FEATURE - India to Build New "Suez" Despite Ecological Storm
Author: Y.P. Rajesh
But for environmentalists and fishermen, it is a nightmare in the making, one that it will haunt South Asia for decades.
The $560 million Sethusamudram Ship Channel has roused strong emotions among supporters and opponents alike. And the tussle is likely to worsen as digging begins on Saturday.
One of India's showcase projects to upgrade its infrastructure to cope with rapid economic growth, the channel, 12 metres deep, 300 metres wide and almost 90 km (55 miles) long, will cut through a chain of small islands known as Adam's Bridge that links the tips of India and Sri Lanka.
Once finished, freighters sailing from one side of India to the other will no longer have to detour south around the bottom of Sri Lanka, saving up to 400 nautical miles (730 km) and 36 hours.
"This will be a boon for the shipping industry. It will boost our ports and increase economic activity along the channel," said a spokesman for the Shipping Ministry, which is overseeing the project.
RED TAPE AND TANGLES
"It will also benefit our navy as vessels can move faster and also patrol the seas between India and Sri Lanka."
Sethusamudram -- literally the sea with the bridge -- was first conceived in 1860, about the same time digging started for the Suez Canal in Egypt, by a British naval officer.
But red tape and political tangles tied it up until May, when Prime Minister Manmohan Singh's coalition government finally cleared it, under pressure from a southern ally who wants to highlight the project in the Tamil Nadu state poll next year.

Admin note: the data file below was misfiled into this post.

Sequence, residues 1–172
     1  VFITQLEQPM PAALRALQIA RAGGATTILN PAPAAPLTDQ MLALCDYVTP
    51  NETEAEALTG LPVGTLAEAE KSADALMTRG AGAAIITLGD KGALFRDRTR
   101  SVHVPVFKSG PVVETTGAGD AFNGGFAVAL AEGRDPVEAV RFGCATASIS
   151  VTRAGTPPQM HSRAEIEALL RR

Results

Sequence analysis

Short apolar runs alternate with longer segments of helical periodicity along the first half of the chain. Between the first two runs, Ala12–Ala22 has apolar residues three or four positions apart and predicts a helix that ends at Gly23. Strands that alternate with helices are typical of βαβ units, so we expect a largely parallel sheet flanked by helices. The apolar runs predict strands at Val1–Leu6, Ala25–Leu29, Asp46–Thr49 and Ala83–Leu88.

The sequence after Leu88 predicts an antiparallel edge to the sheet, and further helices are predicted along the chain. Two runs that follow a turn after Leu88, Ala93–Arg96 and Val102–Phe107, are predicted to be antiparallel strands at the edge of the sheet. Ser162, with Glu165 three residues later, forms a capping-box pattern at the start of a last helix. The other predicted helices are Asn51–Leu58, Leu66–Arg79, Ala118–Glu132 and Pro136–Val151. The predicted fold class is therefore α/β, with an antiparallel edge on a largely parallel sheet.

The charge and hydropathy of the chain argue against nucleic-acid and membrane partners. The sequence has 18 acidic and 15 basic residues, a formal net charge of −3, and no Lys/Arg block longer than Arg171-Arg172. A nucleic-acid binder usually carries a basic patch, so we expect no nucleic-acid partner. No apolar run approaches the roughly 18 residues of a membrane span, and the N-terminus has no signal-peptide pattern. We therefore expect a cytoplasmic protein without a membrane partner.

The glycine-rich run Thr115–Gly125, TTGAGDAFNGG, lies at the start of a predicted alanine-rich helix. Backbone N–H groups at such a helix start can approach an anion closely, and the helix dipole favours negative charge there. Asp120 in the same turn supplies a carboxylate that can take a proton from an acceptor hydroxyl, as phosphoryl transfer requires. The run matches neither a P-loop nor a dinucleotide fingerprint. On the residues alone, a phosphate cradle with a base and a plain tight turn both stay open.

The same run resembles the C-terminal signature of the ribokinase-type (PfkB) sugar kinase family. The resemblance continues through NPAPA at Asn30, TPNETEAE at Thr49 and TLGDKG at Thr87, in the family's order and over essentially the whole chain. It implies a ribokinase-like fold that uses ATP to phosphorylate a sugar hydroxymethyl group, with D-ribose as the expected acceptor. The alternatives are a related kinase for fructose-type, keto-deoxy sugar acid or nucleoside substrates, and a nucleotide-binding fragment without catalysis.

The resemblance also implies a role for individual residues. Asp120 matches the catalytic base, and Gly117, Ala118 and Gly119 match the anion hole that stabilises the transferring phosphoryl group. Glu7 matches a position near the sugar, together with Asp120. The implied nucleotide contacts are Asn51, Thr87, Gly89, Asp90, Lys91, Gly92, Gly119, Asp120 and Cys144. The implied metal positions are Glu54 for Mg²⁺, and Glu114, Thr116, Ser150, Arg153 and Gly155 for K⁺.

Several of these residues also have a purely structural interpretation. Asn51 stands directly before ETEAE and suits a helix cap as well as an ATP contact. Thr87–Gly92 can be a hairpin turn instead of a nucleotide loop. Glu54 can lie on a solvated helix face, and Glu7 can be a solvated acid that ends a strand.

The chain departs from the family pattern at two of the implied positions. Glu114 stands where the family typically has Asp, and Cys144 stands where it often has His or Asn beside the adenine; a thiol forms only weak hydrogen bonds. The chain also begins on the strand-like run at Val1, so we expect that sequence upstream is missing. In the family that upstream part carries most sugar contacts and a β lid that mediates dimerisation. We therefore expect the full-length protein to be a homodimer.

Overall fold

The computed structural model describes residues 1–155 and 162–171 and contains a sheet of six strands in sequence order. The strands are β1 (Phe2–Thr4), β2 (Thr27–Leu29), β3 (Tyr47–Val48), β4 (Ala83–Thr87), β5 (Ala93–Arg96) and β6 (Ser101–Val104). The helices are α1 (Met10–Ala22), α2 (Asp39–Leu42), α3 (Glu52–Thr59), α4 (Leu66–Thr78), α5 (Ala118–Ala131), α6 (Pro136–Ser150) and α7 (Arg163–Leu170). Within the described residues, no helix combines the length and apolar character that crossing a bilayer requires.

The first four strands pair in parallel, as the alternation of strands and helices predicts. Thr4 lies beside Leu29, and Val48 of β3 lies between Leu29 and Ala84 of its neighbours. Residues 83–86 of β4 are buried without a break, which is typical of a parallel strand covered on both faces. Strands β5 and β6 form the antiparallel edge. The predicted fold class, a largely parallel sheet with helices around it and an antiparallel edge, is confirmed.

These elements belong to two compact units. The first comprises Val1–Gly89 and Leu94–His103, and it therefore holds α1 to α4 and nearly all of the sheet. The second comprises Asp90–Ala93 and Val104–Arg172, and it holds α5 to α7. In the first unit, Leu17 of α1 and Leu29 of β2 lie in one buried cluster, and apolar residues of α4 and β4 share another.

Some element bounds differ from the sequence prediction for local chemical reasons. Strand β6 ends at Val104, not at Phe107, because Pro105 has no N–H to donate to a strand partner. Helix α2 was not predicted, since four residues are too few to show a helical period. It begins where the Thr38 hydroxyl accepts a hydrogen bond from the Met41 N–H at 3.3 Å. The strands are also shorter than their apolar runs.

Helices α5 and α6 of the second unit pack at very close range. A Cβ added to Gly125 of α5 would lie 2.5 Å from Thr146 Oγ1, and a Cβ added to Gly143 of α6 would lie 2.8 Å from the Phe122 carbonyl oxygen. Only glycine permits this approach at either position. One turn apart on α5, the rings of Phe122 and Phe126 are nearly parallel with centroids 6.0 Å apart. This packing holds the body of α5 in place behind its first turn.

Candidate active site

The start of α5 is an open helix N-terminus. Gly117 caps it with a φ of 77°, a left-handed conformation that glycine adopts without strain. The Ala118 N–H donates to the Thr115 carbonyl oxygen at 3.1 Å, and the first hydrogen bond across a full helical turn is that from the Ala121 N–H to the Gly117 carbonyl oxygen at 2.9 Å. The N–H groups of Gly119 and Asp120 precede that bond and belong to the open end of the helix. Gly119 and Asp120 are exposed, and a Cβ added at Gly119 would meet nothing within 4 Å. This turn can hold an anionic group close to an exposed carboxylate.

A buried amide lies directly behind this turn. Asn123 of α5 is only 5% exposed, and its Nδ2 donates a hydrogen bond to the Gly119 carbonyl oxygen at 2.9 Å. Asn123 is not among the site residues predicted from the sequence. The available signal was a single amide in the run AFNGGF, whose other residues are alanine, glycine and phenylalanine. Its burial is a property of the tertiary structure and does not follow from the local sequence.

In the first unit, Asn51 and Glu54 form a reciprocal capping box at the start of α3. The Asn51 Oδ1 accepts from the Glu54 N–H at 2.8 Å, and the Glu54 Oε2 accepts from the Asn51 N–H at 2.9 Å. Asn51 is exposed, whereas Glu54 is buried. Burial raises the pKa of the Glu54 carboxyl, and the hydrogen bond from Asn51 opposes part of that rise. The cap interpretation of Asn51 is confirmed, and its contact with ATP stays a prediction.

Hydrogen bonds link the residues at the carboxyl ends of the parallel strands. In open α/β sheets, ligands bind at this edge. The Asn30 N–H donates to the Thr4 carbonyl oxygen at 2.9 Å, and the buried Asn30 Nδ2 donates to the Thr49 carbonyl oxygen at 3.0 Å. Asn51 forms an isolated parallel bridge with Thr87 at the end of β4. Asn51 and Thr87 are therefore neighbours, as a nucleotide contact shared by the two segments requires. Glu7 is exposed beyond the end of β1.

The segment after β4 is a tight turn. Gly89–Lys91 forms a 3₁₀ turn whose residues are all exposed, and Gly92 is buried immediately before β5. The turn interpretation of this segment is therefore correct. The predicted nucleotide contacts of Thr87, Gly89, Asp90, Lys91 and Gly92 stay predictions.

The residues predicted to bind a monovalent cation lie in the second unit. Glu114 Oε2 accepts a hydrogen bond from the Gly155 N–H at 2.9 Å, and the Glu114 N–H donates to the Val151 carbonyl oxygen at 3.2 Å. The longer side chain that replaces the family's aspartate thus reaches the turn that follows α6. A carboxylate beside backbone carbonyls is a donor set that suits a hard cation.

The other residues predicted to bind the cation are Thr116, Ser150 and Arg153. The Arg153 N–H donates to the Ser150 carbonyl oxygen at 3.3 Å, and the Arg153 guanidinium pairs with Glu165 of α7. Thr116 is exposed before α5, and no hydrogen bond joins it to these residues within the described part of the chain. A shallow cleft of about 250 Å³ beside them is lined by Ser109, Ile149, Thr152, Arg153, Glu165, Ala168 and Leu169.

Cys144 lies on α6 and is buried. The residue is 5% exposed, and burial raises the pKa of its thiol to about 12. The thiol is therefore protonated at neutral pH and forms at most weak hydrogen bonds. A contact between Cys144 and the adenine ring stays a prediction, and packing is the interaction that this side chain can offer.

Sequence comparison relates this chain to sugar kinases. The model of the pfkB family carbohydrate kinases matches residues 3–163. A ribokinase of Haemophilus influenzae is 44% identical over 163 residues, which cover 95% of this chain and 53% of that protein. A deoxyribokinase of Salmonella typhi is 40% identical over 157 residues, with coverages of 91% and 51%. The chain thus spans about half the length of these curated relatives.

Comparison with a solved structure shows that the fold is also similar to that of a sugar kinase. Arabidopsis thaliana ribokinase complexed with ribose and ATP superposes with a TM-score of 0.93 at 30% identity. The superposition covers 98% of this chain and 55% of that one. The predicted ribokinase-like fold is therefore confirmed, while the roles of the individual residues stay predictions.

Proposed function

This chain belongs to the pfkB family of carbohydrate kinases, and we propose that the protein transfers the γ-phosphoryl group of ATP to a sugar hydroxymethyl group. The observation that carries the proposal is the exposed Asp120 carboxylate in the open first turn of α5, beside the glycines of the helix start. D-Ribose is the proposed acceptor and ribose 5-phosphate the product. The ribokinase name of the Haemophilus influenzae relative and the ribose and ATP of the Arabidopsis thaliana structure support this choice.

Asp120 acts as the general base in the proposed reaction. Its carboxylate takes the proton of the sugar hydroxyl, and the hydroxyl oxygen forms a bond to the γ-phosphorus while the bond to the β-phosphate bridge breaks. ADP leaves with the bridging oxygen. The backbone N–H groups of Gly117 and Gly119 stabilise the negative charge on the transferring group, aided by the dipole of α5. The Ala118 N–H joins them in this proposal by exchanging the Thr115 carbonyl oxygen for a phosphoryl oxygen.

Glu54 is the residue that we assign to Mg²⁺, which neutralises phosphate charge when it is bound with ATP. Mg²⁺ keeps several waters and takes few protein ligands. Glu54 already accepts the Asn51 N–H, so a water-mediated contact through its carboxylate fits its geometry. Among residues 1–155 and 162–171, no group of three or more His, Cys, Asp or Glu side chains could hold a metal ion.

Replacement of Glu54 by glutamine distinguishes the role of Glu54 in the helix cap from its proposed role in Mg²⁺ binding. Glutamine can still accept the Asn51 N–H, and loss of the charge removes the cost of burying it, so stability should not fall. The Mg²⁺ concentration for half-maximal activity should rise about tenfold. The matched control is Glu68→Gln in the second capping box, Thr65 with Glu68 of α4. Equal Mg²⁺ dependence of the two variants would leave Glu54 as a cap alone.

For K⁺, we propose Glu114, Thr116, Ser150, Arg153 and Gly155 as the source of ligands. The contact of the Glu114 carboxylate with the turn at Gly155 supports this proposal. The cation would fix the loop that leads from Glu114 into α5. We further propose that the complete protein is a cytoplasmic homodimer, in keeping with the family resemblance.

The canal will only be able to handle small and medium-size ships with a draft of up to 10 metres and up to 50,000 DWT (dead weight tonnage). Such vessels could carry containers, grain and other commodities, but would exclude the likes of crude tankers and aircraft carriers.
Nevertheless, shippers are excited.
One project estimate puts the number of transits in 2008, the first year of operation, at 3,055 under a moderate traffic scenario, more than doubling to 7,141 in 2025.
"Sethusamudram will enhance coastal traffic. It will help feeder container vessels, small product and bulk carriers and multi purpose vessels," Yudhisthir D. Khatau, vice-president of the National Shipowners' Association, told Reuters.
A brilliant idea, say environmentalists, but only if the waters around Adam's Bridge, including a marine park, were not home to one of the world's richest biosphere reserves, with 3,600 types of marine life, including about 400 endangered species.
Digging will involve scooping the seabed and dumping the sediment in deeper water further out to sea.
This and the freight traffic would wipe out marine life and threaten the livelihood of thousands of small fishermen in India and Sri Lanka, reducing catches and restricting their movement, activists in both countries say.
"The worst thing marine life hates is mud and oil. They will simply die or disappear," said Ossie Fernandes of the Coastal Action Network, an umbrella body of environmental groups, fishing organisations, scientists and activists. "So, if you look at the entire biosphere, the project is the death knell."
Sri Lanka has also voiced its worries, but its opposition has been muted in the face of India's power and influence. India brushes aside opposition, saying the canal has been cleared by an official environmental body.
The ministry says the route is more than 20 km (13 miles) from the marine park. Digging will be monitored to make sure marine life is not disturbed, ships must meet tough pollution controls and money has been put aside to help the fishermen.
But critics still plan street protests and rail blockades.
"I am an illiterate fisherman, but even I know that when they dig the seabed and deposit it elsewhere, fish in both places will perish," said Nagaraj, of Dhanushkodi hamlet, the nearest human habitation to Adam's Bridge.
"But we are poor folk a